Care after Covid

09 Feb 2021

Crises stress test our capacity to respond, the strength of our organisations and the flexibility of our people.  They are also an opportunity to see clearly what works, what doesn’t and what needs to change.

Social care is often talked about as the ‘third rail’ of British politics – no politician concerned about their career wants to touch it.  The 2017 ‘dementia tax’ election is proof that there is no benefit to being open about the cost of care and who should pay.  This government has promised – and subsequently delayed –its long-anticipated social white paper to ‘fix social care for good’.

But several years since announcing that social care needed to be reformed, the can continues to be kicked down the road.

But we are reaching a breaking point, with over 1.4 million people across England being denied the care they need, due to a combination of cuts in the care sector, this can no longer be allowed.  If the vaccine roll-out works effectively the Government will have substantial political capital – where better than to spend it than on social care?

So what should Government do?  A long-term strategy will take time – and it should be built by cross-party consensus so that it lasts.

But work on a long-term strategy does not mean doing nothing in the here and now.  In the immediate aftermath of the crisis it should focus on three things.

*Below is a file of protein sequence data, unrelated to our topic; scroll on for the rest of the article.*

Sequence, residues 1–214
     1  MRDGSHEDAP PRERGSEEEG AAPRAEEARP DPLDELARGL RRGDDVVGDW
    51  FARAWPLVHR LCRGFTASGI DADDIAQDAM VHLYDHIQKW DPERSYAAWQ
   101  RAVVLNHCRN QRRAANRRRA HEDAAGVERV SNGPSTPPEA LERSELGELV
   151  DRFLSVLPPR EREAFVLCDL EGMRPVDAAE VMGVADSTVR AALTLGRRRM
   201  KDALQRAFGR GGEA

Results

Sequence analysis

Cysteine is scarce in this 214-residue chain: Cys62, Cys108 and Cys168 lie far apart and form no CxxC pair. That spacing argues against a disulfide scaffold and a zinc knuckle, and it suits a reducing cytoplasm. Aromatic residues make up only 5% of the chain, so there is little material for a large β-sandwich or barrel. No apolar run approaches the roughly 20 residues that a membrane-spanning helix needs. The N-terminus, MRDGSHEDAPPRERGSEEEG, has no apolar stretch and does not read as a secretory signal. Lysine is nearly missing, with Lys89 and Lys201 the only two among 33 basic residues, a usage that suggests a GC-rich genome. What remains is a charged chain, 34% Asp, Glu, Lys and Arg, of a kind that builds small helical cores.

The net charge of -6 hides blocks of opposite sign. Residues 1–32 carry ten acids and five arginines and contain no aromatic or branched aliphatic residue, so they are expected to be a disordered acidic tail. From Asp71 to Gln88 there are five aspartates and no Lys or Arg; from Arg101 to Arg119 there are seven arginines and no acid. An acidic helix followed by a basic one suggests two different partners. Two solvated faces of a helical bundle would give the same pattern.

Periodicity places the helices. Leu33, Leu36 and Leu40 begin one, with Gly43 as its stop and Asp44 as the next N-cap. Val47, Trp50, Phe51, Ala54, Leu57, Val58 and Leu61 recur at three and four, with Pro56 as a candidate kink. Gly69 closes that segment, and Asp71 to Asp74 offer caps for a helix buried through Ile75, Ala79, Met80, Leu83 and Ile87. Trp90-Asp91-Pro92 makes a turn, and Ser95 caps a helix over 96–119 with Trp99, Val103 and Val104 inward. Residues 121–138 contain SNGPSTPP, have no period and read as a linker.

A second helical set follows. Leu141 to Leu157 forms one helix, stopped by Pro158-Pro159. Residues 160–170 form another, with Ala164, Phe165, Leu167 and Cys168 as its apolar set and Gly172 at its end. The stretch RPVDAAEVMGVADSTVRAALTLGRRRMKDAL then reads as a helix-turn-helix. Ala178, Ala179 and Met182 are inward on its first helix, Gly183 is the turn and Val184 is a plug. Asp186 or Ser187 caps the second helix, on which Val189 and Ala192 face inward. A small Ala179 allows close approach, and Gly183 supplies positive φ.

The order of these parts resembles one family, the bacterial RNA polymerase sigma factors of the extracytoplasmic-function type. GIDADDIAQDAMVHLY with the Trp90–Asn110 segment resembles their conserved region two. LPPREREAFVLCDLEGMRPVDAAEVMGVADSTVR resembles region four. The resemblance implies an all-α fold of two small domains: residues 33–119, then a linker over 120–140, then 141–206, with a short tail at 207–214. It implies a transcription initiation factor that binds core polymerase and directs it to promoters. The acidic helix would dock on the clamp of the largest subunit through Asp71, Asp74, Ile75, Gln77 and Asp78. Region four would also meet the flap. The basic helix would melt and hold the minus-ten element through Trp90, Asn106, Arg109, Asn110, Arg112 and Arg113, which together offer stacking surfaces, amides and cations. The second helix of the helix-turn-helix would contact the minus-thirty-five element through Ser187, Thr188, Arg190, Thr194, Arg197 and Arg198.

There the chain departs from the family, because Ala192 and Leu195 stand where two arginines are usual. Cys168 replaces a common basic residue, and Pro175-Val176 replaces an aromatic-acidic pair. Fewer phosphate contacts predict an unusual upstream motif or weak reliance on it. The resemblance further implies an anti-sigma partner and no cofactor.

First, government should look to retain capacity in the sector.  The care sector has suffered over the last year with higher costs and reduced occupancy income for activities which are already low margin. As some forms of temporary support are removed it is important that we do not see a significant loss of capacity.

After the financial crisis in 2008, housebuilding saw a significant number of regional and family firms, and hundreds of local subcontractors, go to the wall.  This left a small number of major national players and a sector that was difficult to reform and modernise.  There are lessons here for care.

Second, there should be an emphasis on quality – but not on CQC ratings but on the underlying factors that help us deliver the highest quality of care.  For me that means ensuring that we have great staff who are well-training and committed for the long-term.  Allowing providers to pay the Living Wage, and local equivalents, by adequately funding local authorities, would be a key signal that we mean what we say about valuing carers – and care.

Third, a key part of the longer-term strategy will be about reducing complexity.  Providers have adapted quickly during the crisis but the huge variety of funding and contractual requirements have not helped us. The system needs to be made more legible to those working in it and to the public outside.

This will not be solved quickly.  In the short term, though, we must not allow complexity to obscure the impact of spending decisions.  After the financial crisis, the funding of local authorities was hardest hit by central government austerity – with severe consequences for social care.  If Ministers talk in glowing terms about carers, and at the same time reduce the budgets that pay for care services, we need to be clear about the impacts and the consequences. The government is currently funding the additional care costs by allowing local authorities to increase local taxes, but this doesn’t cover the huge gap in funding and is merely putting a plaster over it.

Covid-19 has had profound consequences for many in the care sector.  But, during such a difficult period, our frontline staff have been amazing. Its important that, as we slowly emerge from the crisis, this is not forgotten but is the basis for a strong new settlement.